Information-Rich Classroom

1975 ClassroomI received an e-mail yesterday from an educator in Charlotte, NC, where I spoke to district principals this summer (the stockcar theme was great fun). I thought that I would pose my response as a blog entry and invite others to chime in.

(obligatory kindnesses) …You were the first person I thought of when I was faced with an enormous task. Our school may have the opportunity to build a new technology/science/media building. I have been asked to come up with rooms that would support current and future technology. My question to you is, what would your “Dream” classroom look like?? Smartboards, elph camera’s, SmartTV’s, mounted projectors??? I just don’t know where to begin!~!

You can imagine that this is candy to me. First of all, as you might have attended one of my presentations, my focus is on the information, not on the technology. This means that your students must have access to a broad range of networked digital information, both personally, and as a group. You too, must have this access. You both must have the ability to share with the rest of the class (not to mention the world) this information, and derivatives of the information produced by you or the students. You must be able to also collect analog information from the “real” world and digitize it for use with digital processing and display tools. It’s about access, using, and communicating information in an increasingly networked and digital world.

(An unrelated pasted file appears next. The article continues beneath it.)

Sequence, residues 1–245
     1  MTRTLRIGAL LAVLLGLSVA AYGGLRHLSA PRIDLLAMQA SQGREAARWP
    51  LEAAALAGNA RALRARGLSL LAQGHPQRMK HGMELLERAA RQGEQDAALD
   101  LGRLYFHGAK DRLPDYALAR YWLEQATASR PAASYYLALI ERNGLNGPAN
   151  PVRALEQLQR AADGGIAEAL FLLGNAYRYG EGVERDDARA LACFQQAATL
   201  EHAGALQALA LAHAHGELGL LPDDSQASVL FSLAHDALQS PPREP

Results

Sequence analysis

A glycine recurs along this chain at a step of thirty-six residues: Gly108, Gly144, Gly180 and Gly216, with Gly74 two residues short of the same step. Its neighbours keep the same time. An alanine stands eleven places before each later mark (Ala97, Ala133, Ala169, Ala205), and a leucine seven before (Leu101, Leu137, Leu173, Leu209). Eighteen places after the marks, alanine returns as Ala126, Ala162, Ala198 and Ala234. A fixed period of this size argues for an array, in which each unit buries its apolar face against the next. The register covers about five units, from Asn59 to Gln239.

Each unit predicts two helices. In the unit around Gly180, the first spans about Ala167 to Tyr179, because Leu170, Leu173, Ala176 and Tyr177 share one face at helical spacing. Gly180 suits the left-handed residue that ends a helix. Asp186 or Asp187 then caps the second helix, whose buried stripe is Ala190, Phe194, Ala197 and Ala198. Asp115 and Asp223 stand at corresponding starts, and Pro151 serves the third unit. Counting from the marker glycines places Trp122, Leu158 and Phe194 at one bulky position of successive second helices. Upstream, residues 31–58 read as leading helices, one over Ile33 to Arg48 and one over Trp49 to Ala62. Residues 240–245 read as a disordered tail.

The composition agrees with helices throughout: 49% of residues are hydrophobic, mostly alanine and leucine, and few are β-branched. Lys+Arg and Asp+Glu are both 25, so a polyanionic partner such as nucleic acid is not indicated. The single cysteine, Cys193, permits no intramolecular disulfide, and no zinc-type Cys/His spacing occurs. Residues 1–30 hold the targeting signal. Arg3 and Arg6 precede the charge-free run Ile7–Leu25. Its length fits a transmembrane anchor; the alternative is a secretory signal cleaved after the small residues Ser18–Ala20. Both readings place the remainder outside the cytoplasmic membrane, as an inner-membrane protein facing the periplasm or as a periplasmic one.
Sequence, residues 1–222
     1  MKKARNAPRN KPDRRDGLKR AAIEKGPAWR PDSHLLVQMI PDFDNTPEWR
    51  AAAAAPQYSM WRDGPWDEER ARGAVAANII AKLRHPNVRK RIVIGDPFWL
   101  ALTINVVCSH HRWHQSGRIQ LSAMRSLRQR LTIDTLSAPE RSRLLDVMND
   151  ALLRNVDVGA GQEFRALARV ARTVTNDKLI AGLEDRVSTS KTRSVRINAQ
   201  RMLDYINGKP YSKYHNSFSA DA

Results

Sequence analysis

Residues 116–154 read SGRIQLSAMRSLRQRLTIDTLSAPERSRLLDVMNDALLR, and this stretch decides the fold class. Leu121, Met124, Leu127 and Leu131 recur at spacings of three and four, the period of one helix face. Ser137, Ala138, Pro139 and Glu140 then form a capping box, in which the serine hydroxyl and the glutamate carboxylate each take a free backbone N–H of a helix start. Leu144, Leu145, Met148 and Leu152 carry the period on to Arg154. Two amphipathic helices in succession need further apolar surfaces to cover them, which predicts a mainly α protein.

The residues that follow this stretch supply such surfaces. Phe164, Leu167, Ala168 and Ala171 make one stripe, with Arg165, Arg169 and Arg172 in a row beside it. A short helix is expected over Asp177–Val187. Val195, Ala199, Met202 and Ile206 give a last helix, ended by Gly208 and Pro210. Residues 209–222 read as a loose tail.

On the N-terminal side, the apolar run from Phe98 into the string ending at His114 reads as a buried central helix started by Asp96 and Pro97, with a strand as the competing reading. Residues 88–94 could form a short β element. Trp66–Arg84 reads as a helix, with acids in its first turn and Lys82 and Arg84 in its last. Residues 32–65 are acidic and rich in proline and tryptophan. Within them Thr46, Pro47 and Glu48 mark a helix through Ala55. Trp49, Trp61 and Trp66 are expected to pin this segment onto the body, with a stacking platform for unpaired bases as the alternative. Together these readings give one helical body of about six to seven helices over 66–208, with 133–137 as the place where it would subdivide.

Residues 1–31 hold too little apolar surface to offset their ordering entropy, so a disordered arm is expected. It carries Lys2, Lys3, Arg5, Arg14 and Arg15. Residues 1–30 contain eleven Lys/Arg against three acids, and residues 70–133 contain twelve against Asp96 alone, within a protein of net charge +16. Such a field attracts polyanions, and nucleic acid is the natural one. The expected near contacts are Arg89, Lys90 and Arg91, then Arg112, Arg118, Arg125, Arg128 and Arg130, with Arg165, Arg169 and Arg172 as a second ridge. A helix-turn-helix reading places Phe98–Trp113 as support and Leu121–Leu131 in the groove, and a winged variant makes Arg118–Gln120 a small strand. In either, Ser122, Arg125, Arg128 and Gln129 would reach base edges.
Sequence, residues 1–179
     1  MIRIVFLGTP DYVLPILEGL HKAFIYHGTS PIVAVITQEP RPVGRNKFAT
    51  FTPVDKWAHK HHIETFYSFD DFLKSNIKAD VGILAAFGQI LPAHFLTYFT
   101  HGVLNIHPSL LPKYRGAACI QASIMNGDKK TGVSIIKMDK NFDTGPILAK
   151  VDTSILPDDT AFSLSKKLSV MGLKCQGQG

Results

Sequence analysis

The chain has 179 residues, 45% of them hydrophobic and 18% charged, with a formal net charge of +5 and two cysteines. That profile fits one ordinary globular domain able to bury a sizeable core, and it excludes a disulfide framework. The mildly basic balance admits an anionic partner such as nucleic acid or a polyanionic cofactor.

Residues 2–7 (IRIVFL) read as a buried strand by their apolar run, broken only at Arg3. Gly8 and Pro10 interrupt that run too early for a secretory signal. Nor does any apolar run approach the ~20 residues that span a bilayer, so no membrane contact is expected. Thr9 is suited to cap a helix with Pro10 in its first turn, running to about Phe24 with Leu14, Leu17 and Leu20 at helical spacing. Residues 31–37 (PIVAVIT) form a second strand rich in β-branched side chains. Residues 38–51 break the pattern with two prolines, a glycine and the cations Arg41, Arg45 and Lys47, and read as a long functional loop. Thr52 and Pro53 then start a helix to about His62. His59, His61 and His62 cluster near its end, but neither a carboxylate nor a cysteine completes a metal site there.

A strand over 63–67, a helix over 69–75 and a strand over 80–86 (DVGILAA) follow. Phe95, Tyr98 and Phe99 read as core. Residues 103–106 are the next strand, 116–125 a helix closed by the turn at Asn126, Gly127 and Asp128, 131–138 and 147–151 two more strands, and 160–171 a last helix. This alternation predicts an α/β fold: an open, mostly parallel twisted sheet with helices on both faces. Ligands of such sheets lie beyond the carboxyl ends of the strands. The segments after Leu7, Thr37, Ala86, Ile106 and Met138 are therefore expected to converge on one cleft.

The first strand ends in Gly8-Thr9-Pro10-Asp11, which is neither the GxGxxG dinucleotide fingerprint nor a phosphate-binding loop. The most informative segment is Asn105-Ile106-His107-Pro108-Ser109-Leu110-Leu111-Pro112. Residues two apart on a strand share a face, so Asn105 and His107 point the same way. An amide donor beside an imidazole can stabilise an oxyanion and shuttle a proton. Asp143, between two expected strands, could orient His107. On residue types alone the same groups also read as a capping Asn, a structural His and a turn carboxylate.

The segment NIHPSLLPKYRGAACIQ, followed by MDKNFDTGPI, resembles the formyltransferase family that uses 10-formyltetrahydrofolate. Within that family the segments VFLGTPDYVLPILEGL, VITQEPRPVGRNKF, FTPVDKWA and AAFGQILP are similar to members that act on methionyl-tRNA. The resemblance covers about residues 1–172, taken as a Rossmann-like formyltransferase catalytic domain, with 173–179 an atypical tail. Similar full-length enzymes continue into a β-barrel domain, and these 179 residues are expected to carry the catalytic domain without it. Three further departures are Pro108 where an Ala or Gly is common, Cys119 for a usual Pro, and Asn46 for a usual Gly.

With all that said, you might check out the New Century School House project, where teachers have been describing their ideal classrooms for years.

Anyway, here is my technology shopping list for a single classroom:

  • permanently mounted projector and interactive display board. (you might consider wireless projectors, but I do not know much about them).
  • Notebook computer for each student and one for the teacher. At some point these will be TabletPCs, but I’m not sure if they have evolved enough yet
  • Electrical outlets such that all students can have powered notebook computers at their desks
  • Reliable hi-speed, wireless access to the school’s network and the Internet. Internet access should employ filters that can be circumvented by the teacher
  • A box of low-end still digital cameras, one for every two students
  • One high-end (5 Megapixel) still digital camera
  • A flatbed scanner
  • Two digital video cameras
  • Three mid-level microphones compatible with the student and teacher notebooks
  • Class management software (Blackboard, WebCT, Moodle)
  • Logically organized network storage for student work that is accessible from outside the classroom
  • Software facility for class publishing (blogware, podcasting, web publishing)
  • Full range of productivity software (word processor, spreadsheet, presentation, image editing, video and audio production

Additions? or Comments?

Author: David Warlick

David Warlick has been an educator for the past 40+ years. He continues to do some writing, but is mostly seeking his next intersect between play, passion and purpose, dabbling in photography, drone videography and music production.